The two orchestras comprising Durham University Orchestral Society performed a spell-binding concert to a packed audience in the magnificent Durham Cathedral.
The Chamber Orchestra began the concert with ‘Echoes of Ossian’ by Niels Gade. The dynamic control, warm intonation and luscious legato this ensemble can create was immediately clear with the opening subtle string chords. Phrasing throughout the work was very thoughtful, although occasionally the motion towards climaxes could have been a tad smoother just before arrival. The players clearly had a strong communication with the conductor, Josh Ridley, and were very responsive to his direction. Timing was very good, though I was not convinced of the decision to play arpeggio chords in the violins starting on the beat, as this occasionally came across as being out of sync. Sophie Hill’s clarinet solo hovered beautifully above the surrounding texture and Evan Penn on the horn played the repetitive semiquaver motif passage well.
Next, they played Ottorino Respighi’s ‘Trittico Botticelliano’, a three-movement programmatic work representing three renowned paintings by Sandro Botticelli. A perfect start, with dreamingly energetic strings beginning ‘La Primavera’ (‘Spring’). The excitement in their playing filled the Nave’s echoic acoustic and was captivating. The flexibility in sudden changes in dynamic was tingly to witness and the timing excellent, particularly in the triplets and Tippett-esque irregular rhythms. The final flourish of the strings was incredible; a testament to the quality of both the orchestra and Respighi’s music itself. The second movement, ‘Adorazione dei magi’ (‘Adoration of the Magi’), began with a famously unusually extensive and beautifully played bassoon solo by Olivia Peacock. The flute I felt could have been even more dreamy and in awe the first time but was fabulous the second time round. The crescendos were very well judged and the confidence of the players very satisfying. Josh was very attentive to the balance, ensuring that the 1st violins didn’t overpower the woodwind solos, and allowed the sound to breathe in the silences, particularly vital in this venue. The first half concluded with ‘La nascita di Venere’. The beauty of the previous movements was not lost in this most passionate of pieces of music. I felt that the last note could have been even quieter before ending, but apart from that it was an exceedingly moving performance. This is one of the few times in Durham that I have been riddled with goosebumps listening to an ensemble perform.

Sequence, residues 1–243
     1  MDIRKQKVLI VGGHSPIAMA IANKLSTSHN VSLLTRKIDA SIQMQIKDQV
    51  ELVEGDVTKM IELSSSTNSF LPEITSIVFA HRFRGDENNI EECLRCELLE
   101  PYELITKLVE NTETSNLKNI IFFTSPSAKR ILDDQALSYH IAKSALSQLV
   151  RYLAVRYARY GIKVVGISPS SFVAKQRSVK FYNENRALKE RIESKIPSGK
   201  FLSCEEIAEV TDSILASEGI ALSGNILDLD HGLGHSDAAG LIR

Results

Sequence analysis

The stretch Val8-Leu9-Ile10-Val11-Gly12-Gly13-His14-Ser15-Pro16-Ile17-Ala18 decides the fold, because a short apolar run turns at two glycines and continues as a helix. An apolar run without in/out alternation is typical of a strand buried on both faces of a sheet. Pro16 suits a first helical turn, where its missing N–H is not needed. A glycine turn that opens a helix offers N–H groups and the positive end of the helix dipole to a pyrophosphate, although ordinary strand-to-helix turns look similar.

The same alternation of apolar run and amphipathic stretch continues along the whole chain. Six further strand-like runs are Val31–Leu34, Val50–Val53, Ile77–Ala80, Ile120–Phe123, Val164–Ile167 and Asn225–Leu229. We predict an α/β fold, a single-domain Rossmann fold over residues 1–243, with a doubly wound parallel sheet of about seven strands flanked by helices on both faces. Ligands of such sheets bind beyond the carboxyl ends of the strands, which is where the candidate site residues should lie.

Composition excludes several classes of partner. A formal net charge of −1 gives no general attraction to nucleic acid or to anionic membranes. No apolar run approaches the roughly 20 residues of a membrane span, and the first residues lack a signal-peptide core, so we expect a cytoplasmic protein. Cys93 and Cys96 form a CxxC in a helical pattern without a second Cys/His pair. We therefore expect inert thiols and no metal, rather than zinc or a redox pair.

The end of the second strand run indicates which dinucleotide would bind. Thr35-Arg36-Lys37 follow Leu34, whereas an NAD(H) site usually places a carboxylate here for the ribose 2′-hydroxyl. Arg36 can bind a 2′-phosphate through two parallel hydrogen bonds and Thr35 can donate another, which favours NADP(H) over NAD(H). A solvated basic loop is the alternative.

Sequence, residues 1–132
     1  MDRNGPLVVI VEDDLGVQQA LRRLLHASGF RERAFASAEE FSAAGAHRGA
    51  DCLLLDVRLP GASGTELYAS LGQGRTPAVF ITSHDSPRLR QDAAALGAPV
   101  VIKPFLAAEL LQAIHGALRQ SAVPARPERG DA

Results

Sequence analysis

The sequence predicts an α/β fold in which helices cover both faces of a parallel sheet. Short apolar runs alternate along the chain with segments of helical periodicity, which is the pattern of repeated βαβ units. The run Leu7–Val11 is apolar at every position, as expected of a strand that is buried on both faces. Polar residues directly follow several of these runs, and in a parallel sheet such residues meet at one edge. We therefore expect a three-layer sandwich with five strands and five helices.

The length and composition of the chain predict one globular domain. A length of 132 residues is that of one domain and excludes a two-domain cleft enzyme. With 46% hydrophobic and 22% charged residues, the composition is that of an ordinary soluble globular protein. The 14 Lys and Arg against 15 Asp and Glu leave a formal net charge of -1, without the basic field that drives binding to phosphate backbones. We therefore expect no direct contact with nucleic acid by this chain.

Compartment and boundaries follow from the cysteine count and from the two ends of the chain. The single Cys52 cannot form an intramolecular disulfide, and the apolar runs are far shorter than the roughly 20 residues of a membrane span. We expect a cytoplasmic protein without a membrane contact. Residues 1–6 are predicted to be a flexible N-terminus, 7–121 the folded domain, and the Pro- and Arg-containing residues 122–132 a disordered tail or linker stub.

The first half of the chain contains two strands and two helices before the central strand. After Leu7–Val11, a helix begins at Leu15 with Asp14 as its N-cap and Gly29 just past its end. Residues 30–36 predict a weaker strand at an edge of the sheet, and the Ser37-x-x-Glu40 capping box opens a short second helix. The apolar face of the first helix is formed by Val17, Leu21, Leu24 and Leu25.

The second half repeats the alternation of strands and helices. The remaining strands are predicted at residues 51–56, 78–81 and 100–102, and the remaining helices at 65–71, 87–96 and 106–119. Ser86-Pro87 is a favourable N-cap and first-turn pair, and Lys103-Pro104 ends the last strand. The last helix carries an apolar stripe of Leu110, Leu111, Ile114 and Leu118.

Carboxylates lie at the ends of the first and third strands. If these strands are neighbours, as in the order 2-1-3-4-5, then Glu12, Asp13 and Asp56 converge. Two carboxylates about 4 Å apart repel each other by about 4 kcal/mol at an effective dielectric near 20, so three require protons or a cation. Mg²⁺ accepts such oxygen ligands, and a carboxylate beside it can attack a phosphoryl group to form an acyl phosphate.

Following the interval, the Symphony Orchestra took the reins, beginning with the rarely performed ‘In Memoriam’, by Arnold Bax. Intonation generally was great, although the fifth could be a little brighter in the violins, especially at the very start and end. The unison strings displayed great passion, matched by Alex Mackinder’s great enthusiasm in conducting, and the tense crescendos to explosive climaxes were very powerful, especially in the brass, though a few did lurch a little just before the zenith. There was some lovely phrasing of Bax’s lyrical melodies, releasing just at the right point, though sometimes I needed more legato from the woodwind.